At ten, Prokofieff was taken to Moscow where the great theorician Taneiff interested himself in the young man and advised him to take lessons with Gliere. Under the direction of the latter Prokofieff wrote a symphony, several sonatas and two little operas, this time orchestra and with vocal parts.

In 1904, at the age of thirteen, following the advice of Glasounoff, Prokofieff entered the Conservatory of St. Petersburg, where he stayed ten years, finishing with three diplomas for compositions, piano and orchestral conducting. At the time he began to interest himself in the modern music of Reger and Scriabine until the rules that had taught him at the Conservatory seemed strange and useless, with the result that, although among his professors there were names as celebrated as those of Rimsky-Korsakoff and Liadoff, he profited little from their lessons. Much more useful to him was the class for leaders of orchestra presided over by Tcherepnine, where he was in direct contact with the orchestra and chorus as well as the mounting of operas by the pupils of Conservatory. At the same time, he continued to compose a great deal, finishing during his years at the Conservatory another symphony, in E minor, the operas "Ondine" and "Maddalena," six sonatas and about one hundred piano pieces, none of which were published.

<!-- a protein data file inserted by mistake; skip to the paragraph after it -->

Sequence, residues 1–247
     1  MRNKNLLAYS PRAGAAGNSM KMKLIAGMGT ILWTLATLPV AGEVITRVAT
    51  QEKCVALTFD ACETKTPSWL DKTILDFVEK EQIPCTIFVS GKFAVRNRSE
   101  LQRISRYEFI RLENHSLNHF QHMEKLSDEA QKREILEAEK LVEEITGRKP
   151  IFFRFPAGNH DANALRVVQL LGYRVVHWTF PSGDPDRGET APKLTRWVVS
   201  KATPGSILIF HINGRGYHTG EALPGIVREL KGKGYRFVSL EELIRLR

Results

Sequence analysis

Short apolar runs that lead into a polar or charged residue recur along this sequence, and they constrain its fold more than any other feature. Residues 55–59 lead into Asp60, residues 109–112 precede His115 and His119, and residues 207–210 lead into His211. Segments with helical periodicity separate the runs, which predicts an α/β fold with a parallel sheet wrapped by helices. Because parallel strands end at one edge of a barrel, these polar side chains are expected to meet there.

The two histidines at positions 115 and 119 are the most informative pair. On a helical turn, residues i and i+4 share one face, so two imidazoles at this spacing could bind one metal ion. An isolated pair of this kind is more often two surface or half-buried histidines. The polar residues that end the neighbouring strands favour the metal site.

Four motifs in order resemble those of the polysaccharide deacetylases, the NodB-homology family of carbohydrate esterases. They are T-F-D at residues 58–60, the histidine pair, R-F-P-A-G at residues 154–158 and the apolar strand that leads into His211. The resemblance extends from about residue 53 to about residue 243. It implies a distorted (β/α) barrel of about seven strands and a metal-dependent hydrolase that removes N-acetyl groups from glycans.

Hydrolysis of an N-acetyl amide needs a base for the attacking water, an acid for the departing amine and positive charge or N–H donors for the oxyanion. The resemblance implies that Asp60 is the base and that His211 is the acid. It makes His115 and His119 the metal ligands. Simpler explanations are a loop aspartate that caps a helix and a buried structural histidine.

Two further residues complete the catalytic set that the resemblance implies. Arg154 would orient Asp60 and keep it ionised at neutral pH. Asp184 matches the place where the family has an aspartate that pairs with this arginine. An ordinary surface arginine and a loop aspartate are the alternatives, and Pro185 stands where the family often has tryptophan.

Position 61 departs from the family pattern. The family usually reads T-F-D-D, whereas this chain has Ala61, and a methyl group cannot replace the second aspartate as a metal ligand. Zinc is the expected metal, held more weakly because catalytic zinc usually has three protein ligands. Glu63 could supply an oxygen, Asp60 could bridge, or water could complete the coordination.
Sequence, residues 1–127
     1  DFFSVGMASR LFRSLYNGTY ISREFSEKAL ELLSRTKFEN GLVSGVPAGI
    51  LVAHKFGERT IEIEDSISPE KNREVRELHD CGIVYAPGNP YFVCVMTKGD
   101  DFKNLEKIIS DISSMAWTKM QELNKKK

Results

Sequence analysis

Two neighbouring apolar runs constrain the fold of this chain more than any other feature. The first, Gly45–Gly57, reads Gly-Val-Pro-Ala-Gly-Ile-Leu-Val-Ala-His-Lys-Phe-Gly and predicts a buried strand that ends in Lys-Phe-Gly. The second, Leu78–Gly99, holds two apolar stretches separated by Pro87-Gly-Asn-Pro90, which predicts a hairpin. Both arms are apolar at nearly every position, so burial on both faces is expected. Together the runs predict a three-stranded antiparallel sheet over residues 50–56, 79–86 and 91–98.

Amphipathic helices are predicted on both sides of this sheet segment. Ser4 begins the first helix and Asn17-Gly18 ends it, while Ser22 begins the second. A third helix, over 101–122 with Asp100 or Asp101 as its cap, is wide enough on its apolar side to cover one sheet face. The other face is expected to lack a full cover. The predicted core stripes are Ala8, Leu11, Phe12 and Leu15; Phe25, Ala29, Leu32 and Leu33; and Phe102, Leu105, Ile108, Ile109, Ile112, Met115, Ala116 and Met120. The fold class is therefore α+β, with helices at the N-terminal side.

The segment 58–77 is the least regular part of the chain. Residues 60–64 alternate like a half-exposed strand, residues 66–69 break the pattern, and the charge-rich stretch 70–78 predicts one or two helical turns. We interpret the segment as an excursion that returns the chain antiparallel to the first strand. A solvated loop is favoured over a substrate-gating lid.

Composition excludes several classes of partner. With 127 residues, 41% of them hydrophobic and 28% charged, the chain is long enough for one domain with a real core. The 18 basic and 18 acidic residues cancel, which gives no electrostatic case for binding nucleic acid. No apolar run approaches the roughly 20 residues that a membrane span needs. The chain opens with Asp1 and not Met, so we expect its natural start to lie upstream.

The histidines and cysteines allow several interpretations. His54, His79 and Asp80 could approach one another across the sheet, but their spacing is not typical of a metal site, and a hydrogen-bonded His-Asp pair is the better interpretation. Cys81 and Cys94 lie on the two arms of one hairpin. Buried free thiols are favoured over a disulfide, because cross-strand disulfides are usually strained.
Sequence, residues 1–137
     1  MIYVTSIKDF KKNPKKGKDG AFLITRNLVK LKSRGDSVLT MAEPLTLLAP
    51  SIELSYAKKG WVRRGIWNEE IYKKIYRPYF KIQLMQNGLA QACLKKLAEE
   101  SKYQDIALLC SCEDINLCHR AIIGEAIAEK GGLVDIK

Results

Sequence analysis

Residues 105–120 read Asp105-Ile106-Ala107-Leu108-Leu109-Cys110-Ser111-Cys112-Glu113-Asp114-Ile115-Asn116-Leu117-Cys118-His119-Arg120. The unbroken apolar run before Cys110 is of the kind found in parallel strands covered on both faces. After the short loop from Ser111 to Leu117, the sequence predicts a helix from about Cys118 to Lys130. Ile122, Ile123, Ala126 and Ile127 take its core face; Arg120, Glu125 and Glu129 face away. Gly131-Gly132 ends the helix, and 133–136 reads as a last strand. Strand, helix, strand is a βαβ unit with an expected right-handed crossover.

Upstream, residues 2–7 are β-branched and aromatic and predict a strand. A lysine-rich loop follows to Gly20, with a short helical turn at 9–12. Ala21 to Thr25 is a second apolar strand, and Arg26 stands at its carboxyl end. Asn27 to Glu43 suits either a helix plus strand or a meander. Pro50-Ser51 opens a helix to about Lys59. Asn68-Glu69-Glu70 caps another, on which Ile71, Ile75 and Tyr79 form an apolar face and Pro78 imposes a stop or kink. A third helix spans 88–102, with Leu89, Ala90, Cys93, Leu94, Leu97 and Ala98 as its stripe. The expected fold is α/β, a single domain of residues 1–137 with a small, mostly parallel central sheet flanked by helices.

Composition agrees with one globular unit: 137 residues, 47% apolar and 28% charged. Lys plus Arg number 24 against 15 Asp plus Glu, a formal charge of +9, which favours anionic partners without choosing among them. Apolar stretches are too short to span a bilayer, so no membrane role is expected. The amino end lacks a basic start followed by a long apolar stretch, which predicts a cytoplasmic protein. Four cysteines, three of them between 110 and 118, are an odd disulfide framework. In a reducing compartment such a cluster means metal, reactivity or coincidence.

Glazounoff, the Director of the Conservatory, was a very conservative artist and did not approve of the modern taste of the young composer, even regretting that he had advised him to enter the Conservatory. However, he arranged a performance of the new symphony at a private rehearsal. The work sounded badly but the realization of its faults helped the future development of Prokofieff's writing.